August 10, 2017

Supreme Court reaffirms limit on malicious prosecution actions

Reaffirming and strengthening the “interim adverse judgment rule,” the Supreme Court today holds in Parrish v. Latham & Watkins that plaintiffs who defeat a summary judgment motion on the merits cannot later be sued for malicious prosecution even if, after denying the motion, the superior court finds the plaintiffs’ action was brought in bad faith because it lacked evidentiary support.

The summary judgment denial is normally conclusive that the plaintiffs had probable cause to file the lawsuit, which defeats a subsequent malicious prosecution action.  The court’s unanimous opinion by Justice Leondra Kruger states the denial establishes that the plaintiffs’ “position had arguable merit, whether or not, after trial, the court wished it had ruled against them.”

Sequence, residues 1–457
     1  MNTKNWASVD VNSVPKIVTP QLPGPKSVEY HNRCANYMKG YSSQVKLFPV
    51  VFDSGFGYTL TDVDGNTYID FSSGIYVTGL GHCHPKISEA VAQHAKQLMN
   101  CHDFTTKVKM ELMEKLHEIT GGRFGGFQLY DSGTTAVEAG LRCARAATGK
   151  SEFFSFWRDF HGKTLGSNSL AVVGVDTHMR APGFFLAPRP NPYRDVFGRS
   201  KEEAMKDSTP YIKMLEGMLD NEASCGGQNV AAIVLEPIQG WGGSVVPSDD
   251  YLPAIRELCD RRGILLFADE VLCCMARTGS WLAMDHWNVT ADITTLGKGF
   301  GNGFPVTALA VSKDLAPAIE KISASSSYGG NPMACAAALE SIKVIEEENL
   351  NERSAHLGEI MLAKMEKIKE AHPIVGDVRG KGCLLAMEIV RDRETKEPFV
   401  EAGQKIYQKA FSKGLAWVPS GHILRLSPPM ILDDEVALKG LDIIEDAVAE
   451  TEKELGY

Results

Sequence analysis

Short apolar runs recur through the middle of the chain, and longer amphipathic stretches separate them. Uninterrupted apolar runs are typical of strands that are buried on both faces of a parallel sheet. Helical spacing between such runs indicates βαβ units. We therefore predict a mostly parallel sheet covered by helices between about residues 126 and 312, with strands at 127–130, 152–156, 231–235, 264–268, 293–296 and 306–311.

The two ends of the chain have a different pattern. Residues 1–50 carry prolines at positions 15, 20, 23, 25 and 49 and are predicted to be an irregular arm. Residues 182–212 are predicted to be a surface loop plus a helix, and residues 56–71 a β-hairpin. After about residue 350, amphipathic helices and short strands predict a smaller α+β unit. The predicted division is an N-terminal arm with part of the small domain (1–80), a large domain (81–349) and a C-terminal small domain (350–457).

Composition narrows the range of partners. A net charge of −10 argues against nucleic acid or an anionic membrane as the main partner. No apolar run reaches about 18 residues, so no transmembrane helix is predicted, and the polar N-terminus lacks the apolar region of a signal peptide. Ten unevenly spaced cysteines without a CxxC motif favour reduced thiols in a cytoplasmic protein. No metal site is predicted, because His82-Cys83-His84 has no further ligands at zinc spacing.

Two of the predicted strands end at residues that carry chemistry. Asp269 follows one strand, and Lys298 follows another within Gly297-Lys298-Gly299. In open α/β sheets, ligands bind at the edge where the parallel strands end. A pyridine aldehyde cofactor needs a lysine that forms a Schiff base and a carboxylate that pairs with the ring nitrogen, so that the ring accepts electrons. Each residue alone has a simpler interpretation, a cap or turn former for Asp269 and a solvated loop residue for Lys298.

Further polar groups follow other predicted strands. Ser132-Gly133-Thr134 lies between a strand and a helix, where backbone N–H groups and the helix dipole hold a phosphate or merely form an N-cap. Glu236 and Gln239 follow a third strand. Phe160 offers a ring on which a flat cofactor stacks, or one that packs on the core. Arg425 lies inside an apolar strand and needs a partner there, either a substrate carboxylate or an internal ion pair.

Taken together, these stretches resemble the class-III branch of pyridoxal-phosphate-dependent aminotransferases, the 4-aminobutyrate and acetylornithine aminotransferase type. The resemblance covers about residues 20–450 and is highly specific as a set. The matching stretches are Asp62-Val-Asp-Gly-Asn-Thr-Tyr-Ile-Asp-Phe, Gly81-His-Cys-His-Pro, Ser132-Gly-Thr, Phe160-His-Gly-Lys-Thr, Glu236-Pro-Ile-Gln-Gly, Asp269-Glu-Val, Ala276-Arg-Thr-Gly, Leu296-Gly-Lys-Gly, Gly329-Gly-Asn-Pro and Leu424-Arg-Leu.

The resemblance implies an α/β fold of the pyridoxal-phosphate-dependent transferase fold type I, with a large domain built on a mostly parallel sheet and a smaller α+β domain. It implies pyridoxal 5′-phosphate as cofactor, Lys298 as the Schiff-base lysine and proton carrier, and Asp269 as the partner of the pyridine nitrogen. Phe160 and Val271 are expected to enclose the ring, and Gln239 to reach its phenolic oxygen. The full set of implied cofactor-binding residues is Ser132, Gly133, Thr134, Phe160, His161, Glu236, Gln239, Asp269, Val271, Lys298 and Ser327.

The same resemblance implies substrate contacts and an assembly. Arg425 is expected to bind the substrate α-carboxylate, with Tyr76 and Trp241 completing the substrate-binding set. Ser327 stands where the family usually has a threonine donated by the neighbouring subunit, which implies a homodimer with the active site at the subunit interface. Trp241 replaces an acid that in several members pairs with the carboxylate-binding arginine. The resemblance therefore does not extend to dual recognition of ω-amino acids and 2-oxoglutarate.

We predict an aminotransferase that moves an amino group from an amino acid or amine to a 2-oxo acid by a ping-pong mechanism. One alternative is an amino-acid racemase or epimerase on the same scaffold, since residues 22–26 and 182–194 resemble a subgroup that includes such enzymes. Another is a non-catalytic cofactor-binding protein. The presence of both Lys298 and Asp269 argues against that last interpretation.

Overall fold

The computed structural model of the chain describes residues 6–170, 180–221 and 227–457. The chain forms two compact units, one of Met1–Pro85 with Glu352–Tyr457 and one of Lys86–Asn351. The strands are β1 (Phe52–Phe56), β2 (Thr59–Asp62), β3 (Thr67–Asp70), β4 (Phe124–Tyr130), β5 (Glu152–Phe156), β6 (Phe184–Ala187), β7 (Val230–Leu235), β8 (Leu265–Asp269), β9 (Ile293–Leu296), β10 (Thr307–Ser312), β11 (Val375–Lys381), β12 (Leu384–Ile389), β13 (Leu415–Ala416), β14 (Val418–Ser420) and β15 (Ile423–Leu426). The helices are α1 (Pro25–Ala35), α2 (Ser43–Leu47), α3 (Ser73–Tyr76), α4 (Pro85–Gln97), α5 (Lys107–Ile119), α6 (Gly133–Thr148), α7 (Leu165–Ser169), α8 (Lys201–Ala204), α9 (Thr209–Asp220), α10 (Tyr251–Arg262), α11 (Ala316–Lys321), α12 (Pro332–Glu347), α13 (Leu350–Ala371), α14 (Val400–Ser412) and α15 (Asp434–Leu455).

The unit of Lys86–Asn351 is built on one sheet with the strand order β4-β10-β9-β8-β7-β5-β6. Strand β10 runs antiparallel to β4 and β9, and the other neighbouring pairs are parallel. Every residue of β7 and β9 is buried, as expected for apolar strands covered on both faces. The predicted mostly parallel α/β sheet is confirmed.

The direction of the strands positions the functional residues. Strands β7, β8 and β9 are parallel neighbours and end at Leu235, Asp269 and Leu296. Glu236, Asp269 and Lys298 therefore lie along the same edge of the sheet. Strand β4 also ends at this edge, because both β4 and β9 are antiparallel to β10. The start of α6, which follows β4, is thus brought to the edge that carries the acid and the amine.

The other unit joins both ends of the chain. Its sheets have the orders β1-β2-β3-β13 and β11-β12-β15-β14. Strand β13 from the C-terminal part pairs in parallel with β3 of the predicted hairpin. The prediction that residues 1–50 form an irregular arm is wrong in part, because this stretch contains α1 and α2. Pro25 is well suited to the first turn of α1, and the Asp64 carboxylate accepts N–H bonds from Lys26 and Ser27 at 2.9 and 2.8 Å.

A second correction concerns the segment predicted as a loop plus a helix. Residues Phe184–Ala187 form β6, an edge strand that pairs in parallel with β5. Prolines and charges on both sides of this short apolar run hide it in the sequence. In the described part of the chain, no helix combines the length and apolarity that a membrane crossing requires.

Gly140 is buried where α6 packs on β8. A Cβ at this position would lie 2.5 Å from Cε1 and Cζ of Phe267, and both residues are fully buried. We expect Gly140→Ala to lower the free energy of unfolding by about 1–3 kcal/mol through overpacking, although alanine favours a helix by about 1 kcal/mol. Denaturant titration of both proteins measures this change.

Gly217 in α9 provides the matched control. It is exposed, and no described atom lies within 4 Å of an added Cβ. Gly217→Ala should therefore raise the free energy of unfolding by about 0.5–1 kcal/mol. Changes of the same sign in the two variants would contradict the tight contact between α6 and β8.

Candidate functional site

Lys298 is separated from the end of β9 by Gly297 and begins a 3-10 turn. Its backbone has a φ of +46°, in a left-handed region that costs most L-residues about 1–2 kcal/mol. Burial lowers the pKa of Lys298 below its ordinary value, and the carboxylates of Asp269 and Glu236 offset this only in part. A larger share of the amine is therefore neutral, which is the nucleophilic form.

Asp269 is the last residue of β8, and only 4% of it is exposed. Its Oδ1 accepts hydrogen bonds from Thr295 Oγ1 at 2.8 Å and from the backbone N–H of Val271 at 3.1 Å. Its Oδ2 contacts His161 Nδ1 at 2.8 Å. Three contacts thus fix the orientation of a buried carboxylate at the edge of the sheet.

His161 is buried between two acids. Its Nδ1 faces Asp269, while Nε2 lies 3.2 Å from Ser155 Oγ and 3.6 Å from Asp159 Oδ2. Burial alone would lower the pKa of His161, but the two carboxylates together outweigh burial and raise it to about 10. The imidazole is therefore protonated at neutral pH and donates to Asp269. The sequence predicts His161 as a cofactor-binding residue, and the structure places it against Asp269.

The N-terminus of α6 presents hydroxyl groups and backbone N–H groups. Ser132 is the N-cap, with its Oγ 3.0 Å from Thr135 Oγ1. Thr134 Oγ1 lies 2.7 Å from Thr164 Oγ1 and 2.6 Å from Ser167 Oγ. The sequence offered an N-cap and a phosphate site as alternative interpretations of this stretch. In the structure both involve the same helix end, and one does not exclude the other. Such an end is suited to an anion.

Not every summary judgment denial has that effect, however.  The court explains that “the interim adverse judgment rule does not apply when the adverse judgment in question has been ‘shown to have been obtained by fraud or perjury.'”  But the opinion keeps the exception narrow, saying the general rule still applies even when “litigants or their lawyers inadvertently submit ‘materially false facts’ . . . in support of their claims.”

The court affirms the Second District, Division Three, Court of Appeal.

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